Home inventories have fallen in early 2015 as markets have struggled to find a balance between homes for sale and qualified buyers. Home inventory fell in January by 6.7% month over month and 8.7% year over year.

Although obvious on the surface, the major problem causing a lack of homes for sale is that sellers have yet to put their homes up for sale. Many home owners have watched their markets increase, with the expectation that their home will sell higher the longer they wait. In many cases this will be true. However, in markets like Bozeman, Montana, where there are many willing and able buyers waiting for the right home to come onto the market, a seller who puts up a home in a desirable neighborhood may actually receive multiple offers, allowing them to choose the highest bidder. If seller’s wait, they will inevitably find more competition as more people list their homes, driving the bargaining power back to buyers.

Prices will continue to rise as inventory remains low and so long as competition remains low.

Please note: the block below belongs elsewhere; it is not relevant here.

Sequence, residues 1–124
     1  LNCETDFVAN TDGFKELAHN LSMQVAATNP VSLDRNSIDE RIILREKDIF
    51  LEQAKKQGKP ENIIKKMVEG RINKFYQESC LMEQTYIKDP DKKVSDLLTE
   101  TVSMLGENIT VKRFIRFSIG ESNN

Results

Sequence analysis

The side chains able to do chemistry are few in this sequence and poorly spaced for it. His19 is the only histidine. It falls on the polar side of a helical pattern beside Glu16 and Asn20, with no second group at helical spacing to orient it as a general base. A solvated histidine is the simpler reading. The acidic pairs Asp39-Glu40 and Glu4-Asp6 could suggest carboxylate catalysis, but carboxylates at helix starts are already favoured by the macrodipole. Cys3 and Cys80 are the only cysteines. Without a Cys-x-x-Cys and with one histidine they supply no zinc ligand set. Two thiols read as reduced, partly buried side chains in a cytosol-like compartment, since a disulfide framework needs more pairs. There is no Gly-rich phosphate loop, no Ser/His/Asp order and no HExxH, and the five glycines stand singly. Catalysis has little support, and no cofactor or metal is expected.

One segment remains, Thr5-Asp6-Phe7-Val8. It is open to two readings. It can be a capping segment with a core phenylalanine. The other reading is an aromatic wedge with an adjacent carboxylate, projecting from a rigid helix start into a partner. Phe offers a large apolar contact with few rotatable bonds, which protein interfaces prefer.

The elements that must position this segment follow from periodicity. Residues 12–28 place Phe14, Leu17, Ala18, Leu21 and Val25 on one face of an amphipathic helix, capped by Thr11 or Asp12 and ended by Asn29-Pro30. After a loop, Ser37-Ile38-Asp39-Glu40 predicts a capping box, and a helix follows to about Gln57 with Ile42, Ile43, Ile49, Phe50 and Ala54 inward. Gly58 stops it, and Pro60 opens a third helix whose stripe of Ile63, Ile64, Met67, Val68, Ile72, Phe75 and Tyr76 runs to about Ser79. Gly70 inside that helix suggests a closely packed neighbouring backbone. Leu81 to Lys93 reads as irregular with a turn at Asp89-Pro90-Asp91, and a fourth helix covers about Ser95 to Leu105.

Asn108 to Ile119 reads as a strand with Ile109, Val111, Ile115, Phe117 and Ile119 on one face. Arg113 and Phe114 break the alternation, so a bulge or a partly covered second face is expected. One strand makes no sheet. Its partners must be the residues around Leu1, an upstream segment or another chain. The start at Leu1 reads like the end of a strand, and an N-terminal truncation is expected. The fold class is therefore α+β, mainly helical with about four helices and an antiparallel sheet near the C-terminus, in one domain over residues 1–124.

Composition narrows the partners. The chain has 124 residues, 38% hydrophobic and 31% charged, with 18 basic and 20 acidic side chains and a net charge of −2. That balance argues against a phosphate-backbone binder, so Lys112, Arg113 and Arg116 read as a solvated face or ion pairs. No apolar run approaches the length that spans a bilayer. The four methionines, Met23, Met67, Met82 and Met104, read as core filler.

Around the nation, high and rising home prices have kept many buyers from getting involved in real estate. Median home prices have been rising and the median home price in the US in January was $211,000. Bozeman has seen above median home prices for both single-family residences and town homes.

The average family in the US currently earns $63,900 annually. Overall, that family can afford 62.8% of homes. In the third quarter of 2014, that family could only afford 61.8% of homes, so affordability has improved. But as sellers continue to hold back potential inventory, rising prices may affect home affordability negatively.

Ideally, the market will normalize regarding home value growth and buyer affordability. Signs remain positive that the market is recovering but inventories will need to rise to continue the housing market growth.



Source: http://eyeonhousing.org/2015/03/vacancy-and-homeownership-rates-by-state-2014/